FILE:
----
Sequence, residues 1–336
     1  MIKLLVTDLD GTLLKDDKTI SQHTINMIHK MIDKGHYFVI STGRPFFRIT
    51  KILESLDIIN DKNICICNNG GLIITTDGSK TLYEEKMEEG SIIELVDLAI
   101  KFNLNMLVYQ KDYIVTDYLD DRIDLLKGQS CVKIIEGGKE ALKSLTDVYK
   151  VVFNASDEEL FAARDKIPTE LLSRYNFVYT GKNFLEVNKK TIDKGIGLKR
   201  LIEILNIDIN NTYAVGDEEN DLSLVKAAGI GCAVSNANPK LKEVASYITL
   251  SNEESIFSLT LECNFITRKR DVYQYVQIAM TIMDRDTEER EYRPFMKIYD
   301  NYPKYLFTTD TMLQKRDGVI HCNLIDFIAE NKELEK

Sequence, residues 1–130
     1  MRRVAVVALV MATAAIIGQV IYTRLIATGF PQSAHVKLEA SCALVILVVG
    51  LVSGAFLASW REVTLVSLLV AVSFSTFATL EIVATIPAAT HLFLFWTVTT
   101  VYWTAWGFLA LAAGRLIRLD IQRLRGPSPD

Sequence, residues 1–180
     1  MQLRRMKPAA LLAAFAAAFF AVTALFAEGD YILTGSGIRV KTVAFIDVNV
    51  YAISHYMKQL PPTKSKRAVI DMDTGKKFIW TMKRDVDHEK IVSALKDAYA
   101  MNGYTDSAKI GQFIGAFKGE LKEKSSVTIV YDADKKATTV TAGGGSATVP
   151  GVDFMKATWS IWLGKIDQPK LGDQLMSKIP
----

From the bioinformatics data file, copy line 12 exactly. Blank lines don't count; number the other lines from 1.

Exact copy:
   101  VYWTAWGFLA LAAGRLIRLD IQRLRGPSPD